French startup PIQ raised $5.5 million in a Series A round in 2015. Consumers buy a sport-specific sensor and nanocomputer package that uses AI to analyze and interpret form to improve performance.

This applies to golf, skiing, kiteboarding, tennis and boxing. And there’s an app of course for portability and sharing.

Silicon Valley competitor Zepp has a similar approach to similar sports – baseball, golf, tennis and soccer. This startup though has raised $20 million, with the most recent $15 million Series B in 2014.

More players

The wearable sports market is completing the initial phase of awareness. The products are becoming prevalent enough that mainstream consumers are partaking as the top athletes are breaking records with R&D prototypes. Here are some examples of products in play.


Athos has developed workout clothes – a compression fit long sleeve top and shorts – to monitor muscle activity. This is a step up from the standard suite of heart rate and respiration. The gear starts at $198 plus the reusable core at $199 – not a cheap outfit.

OM has a shirt and monitor combination. The shirt ($110-130) senses, which comes in a long or short sleeve or no sleeve. The data module ($100) collects and sends the information wirelessly. It also comes with a biometric fitness test to analyze your current ability.


Shoes and socks may never be the same. Just as Chuck Taylor’s were made for basketball, not fashion, these products are using shoes in a new perspective – Big Data sensors. Shoes and socks can provide an infinite stream of information about our daily activities and provide feedback for our own interpretation or someone else’s.

Runsafer shoes are for runners who might be a little lonely and/or would like feedback on their running performance with notifications of fatigue or poor foot placement.

Would be good to break a plateau or prevent the hamstring pull.

The RunsaferProject involves the development of a new running shoe with embedded electronics providing real-time biomechanical feedback to reduce injury risk and enhance motivation, and a web portal allowing real training management.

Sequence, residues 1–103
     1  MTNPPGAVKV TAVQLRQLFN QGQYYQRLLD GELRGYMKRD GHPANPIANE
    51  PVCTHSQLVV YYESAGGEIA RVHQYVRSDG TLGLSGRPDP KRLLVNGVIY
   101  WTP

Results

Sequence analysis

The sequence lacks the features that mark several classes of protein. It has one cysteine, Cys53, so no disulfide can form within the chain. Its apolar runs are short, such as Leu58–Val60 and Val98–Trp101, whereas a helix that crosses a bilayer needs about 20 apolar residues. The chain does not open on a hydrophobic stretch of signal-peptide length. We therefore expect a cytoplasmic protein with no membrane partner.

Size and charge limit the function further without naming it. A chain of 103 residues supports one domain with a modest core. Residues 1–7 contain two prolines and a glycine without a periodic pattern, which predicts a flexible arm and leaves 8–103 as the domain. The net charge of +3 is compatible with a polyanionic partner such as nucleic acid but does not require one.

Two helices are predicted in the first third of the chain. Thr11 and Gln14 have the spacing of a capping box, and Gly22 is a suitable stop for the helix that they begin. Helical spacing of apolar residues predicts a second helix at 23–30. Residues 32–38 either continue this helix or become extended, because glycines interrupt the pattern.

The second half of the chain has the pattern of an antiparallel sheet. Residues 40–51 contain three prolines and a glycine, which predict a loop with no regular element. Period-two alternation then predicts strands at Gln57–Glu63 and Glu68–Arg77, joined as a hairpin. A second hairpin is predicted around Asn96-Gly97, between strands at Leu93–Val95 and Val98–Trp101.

Toe warmers

Another biofeedback insole, Digitsole has the added benefit of warming your toes (and feet). The product isn’t designed for it, but I’d like it to keep my ski boots warm (because the chem pads don’t work so well for me). I’d like it even more if it would analyze my skiing and snowboarding, which has a lot of room for improvement.

Back to the Olympics

Wearables aren’t only about performance improvement either. Another wearable favourite at the 2018 PyeongChang Olympics was the motorbike clothing manufacturer Dainese’ creation of an upper body armour for fall protection. D-air ski inflates like an automobile airbag when certain dynamic parameters are met.

The D-air Ski algorithm deploys the system in all cases where the skier’s body performs twists which go beyond what would be considered normal race dynamics, for example forward, rear or lateral rotations during a jump or rolling over on the piste.

The algorithm only inflates the system when signals received from seven sensors exceed a preset threshold. For example, in the event of a low-speed slide not followed by rolling, the algorithm can decide not to inflate the airbag.

It’s one thing to fight for gold over silver. It’s much more important as British snowboarder Aimee Fuller said, to be “lucky to be in one piece”.